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Keywords:

  • Leishmaniasis;
  • Visceral;
  • treatment outcome;
  • retrospective cohort monitoring;
  • resistance;
  • treatment failure;
  • intention-to-treat analysis;
  • Miltefosine;
  • Amphotericin B;
  • efficacy;
  • Visceral Leishmaniasis elimination

Abstract

  1. Top of page
  2. Abstract
  3. Introduction
  4. Methods
  5. Results
  6. Discussion
  7. Acknowledgements
  8. References

Objective

To evaluate a new tool for the monitoring of Visceral Leishmaniasis (VL) treatment outcomes in primary healthcare (PHC) settings, adapted from the standardised Retrospective Quarterly Cohort Monitoring done in tuberculosis control.

Methods

We developed standard case definitions for early and late VL treatment outcomes, a single register allowing for one-line entry per patient as registration tool, and quarterly reporting formats for the clinical outcomes. We pilot-tested these tools in three Indian Primary Health Centres and two Nepalese district hospitals, as well as in a charity VL treatment centre and a university hospital.

Results

Data collection for early treatment outcome was easily implemented but information on late treatment outcome was hard to obtain. Effectiveness of Miltefosine under routine care conditions was about 87% at end of treatment, and 76% at 6 months post-treatment related to the high number of patients lost to follow up at the latter end point.

Conclusion

A retrospective cohort monitoring methodology is conceptually a good framework for monitoring clinical outcomes for chronic conditions as VL. The monitoring of early outcomes of VL treatment is perfectly feasible in Primary Care settings. The completeness of information on late outcomes can be improved by a number of strategies that remain to be field tested. Generally, clinical outcome monitoring should be strengthened in the VL control programmes.

Objectif

Evaluer un nouvel outil pour le suivi des résultats du traitement de la LV dans les établissements de soins primaires, adapté à partir du Suivi de Cohorte Rétrospective Trimestrielle standardisé, utilisé dans la lutte antituberculeuse.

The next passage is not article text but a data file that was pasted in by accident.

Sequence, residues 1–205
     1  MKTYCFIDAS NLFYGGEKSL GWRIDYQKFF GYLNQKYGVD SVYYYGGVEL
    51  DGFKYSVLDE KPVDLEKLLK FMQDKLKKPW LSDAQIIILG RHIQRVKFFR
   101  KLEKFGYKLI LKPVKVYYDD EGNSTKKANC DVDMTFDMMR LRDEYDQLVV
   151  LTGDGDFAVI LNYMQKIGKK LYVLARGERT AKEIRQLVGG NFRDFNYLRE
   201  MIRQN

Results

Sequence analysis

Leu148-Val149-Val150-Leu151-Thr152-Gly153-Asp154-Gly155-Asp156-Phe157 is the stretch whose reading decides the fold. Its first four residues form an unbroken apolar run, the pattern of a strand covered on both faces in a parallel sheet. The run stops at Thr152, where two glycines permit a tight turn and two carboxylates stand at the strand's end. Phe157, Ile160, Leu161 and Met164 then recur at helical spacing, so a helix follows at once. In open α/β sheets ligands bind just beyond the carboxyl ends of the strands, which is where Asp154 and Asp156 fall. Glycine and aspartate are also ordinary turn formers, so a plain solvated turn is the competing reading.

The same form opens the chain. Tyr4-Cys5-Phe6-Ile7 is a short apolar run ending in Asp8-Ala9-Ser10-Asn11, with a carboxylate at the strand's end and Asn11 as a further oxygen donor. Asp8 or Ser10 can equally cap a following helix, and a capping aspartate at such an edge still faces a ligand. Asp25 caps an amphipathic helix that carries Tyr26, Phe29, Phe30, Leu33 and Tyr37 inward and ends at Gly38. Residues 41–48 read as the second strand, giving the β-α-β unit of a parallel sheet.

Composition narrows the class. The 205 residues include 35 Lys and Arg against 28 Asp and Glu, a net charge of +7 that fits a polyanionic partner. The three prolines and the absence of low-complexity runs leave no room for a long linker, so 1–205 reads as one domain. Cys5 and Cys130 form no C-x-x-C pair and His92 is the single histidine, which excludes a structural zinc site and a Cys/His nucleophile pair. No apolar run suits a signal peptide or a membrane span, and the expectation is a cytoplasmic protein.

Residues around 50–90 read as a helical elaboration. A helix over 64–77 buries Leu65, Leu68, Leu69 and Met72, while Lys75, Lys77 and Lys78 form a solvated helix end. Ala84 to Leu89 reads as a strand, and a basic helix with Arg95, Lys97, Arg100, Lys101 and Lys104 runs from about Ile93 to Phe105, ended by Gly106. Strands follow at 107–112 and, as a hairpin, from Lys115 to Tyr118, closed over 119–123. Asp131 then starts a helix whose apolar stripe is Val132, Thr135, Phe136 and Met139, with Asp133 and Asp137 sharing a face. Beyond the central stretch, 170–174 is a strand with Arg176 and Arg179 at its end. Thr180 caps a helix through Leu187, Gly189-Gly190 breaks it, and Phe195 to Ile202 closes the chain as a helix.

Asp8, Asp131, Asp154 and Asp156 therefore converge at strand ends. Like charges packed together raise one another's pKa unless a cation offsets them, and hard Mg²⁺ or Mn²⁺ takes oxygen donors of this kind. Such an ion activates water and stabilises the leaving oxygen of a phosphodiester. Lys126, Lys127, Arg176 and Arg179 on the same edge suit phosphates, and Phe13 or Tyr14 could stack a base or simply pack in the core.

Méthodes

Nous avons élaboré des définitions de cas standard pour les résultats précoces ou tardifs du traitement de la LV, un registre unique permettant une ligne de saisie par patient comme outil d'enregistrement et des formats de reports trimestriels pour les résultats cliniques. Nous avons mis à l'essai ces outils dans trois centres de santé primaires en Inde, dans deux hôpitaux de district Népalais, ainsi que dans un centre du traitement de charité de la LV et un hôpital universitaire.

Résultats

La collecte des données pour les résultats précoces du traitement a été facilement mise en œuvre mais l'information sur les résultats tardifs du traitement était difficile à obtenir. L'efficacité de la miltéfosine dans des conditions de soins de routine était d'environ 87% à la fin du traitement et 76% à 6 mois post-traitement, liée au nombre élevé de patients perdus au suivi lors du dernier point de suivi.

Conclusion

Une méthodologie de suivi de cohorte rétrospective est conceptuellement un bon cadre pour le suivi des résultats cliniques des maladies chroniques comme la LV. Le suivi des résultats précoces du traitement de la LV est parfaitement réalisable dans les milieux de soins primaires. L'exhaustivité de l'information sur les résultats tardifs peut être améliorée par un certain nombre de stratégies qui sont à tester sur le terrain. En général le suivi des résultats cliniques doit être renforcé dans les programmes de lutte contre la LV.

Objetivo

Evaluar una nueva herramienta para la monitorización de los resultados del tratamiento de la Leishmaniasis Visceral (LV) en centros de atención primaria, adaptado de la Monitorización Trimestral Retrospectiva de Cohortes realizada para el control de la tuberculosis.

Métodos

Hemos desarrollado definiciones de caso estándares para los resultados tempranos y tardíos del tratamiento de la LV, un registro único que permite entrar una línea por paciente como herramienta de registro, y formatos de reporte trimestral para los resultados clínicos. Hicimos una prueba piloto de estas herramientas en tres Centros de Atención Primaria de la India y dos Hospitales Distritales de Nepal, al igual que en un centro de tratamiento caritativo y un Hospital Universitario.

Resultados